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Cotton Incorporated, Archroma Create Natural Dye From Cotton Waste

by , 09/15/16   filed under: Eco-Textiles

Cotton Incorporated, Archroma, eco-fashion, sustainable fashion, green fashion, ethical fashion, sustainable style, textile waste, cotton waste, recycled cotton, upcycled cotton, natural dyes, nontoxic dyes, plant-based dyes, eco-textiles, eco-friendly textiles, sustainable textiles, eco-fabrics, eco-friendly fabrics, sustainable fabrics

Cotton Incorporated, the folks behind those “fabric of our lives” commercials, has joined forces with Swiss dye specialist Archroma to synthesize what they are calling the world’s first ever dye created from cotton plant residues. Available in variations of brown, the new dye is a product of Archroma’s patented “EarthColors” technology, which creates biosynthetic alternatives to petrochemical-based colorants using agricultural and other natural waste. “As soon as we heard about the EarthColors technology, we wanted to explore the possibilities of cotton as a natural dye source,” Mary Ankeny, senior director of textile chemistry research at Cotton Incorporated, said in a statement. “Byproducts of cotton harvesting and ginning have been utilized within the food and construction industries for decades, but we were intrigued by the idea of using cotton biomass to dye cotton fiber.”

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Consumers Think Highly of Ethical Fashion, But Won't Pay More for It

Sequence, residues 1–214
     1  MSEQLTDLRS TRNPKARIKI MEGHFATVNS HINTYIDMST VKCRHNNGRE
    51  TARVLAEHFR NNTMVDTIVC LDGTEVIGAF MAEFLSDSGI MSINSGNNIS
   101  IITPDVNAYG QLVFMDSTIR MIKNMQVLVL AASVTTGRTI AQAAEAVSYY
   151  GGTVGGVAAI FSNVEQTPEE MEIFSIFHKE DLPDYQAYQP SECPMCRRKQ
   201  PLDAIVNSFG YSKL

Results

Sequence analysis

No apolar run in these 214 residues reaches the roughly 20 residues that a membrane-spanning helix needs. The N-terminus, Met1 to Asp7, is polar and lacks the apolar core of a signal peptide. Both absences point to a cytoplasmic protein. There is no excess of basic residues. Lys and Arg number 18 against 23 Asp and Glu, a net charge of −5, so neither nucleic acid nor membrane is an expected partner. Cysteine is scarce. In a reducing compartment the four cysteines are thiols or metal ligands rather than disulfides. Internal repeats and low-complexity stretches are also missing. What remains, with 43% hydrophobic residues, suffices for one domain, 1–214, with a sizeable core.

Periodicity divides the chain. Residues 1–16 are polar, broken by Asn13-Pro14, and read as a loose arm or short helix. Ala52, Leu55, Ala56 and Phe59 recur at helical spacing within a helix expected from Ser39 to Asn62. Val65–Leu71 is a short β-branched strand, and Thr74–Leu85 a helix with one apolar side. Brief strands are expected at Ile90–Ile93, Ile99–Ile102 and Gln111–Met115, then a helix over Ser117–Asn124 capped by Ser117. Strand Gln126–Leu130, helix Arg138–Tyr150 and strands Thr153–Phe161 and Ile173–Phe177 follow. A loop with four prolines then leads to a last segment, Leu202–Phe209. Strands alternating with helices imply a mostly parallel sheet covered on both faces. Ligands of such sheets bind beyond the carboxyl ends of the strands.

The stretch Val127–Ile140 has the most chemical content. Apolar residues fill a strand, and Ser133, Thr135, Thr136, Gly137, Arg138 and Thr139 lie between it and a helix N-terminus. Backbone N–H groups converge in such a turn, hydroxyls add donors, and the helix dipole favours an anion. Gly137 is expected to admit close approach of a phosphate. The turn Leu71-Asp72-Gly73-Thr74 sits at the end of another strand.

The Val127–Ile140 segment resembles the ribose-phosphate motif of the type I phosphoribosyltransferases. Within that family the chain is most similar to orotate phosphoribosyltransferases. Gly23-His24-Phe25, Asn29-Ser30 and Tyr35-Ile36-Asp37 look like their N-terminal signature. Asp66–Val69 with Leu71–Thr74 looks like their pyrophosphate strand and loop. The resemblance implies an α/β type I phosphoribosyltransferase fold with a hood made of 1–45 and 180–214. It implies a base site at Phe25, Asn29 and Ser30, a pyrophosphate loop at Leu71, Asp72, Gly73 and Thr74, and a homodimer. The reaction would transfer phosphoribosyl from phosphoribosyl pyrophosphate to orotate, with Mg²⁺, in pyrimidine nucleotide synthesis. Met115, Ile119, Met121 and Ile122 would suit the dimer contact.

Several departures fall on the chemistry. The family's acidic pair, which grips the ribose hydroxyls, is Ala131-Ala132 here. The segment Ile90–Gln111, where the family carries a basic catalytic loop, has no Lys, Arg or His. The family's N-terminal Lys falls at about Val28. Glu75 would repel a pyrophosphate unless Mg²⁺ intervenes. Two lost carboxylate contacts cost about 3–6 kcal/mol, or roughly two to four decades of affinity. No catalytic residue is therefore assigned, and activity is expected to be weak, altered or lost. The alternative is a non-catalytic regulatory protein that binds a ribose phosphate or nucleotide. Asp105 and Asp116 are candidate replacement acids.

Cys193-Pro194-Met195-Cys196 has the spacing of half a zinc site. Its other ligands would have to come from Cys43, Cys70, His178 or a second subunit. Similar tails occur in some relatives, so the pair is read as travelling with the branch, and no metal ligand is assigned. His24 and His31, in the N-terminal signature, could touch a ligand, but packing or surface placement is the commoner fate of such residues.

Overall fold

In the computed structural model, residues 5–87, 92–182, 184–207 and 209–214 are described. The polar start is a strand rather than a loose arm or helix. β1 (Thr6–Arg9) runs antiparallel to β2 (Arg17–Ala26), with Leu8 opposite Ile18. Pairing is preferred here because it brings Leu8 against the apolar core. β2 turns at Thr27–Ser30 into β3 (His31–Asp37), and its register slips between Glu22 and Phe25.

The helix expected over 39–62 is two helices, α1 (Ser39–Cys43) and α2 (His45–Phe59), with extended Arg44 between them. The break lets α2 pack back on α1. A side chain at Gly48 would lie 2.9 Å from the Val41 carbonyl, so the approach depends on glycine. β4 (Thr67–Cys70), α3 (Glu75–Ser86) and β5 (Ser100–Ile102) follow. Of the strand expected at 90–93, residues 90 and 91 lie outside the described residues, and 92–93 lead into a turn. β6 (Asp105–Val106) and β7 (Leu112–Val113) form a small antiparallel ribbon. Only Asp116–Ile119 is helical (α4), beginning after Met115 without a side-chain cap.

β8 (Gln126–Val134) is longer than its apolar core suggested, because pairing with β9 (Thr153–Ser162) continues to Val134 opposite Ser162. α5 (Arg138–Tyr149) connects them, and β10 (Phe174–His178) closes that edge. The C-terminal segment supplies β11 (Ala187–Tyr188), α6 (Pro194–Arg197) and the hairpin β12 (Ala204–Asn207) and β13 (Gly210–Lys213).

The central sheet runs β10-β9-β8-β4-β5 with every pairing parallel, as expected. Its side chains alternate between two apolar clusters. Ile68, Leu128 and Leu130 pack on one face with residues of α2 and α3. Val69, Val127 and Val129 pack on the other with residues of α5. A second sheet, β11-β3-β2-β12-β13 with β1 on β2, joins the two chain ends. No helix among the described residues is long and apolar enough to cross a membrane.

by , 09/14/16   filed under: Eco-Fashion News

eco-fashion, sustainable fashion, green fashion, ethical fashion, sustainable style, consumerism, materialism, Verdict Retail

Photo by Mike Petrucci/Unsplash

Most people can appreciate the story behind an upcycled dress or a pair of fair-trade sneakers, but that doesn’t mean they’re willing to pay extra for it. They will, however, loosen their pursestrings, for style, quality, availability and choice, and value for money, according to Verdict, a retail analysis firm based in London. Verdict data reveals that while 60 percent of consumers say a retailer’s sustainability credentials contribute to their purchase decisions, only 15 percent say they would boycott a retailer for not being forthcoming about its policies. Furthermore, over 20 percent of consumers said they wouldn’t pay any more for an eco-friendly or sustainable product. Only 3 percent said they would pay more than 21 percent more than usual for clothing or shoes that were ethically made.

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New "Hybrid Energy" Fabric Converts Sunlight, Movement Into Electricity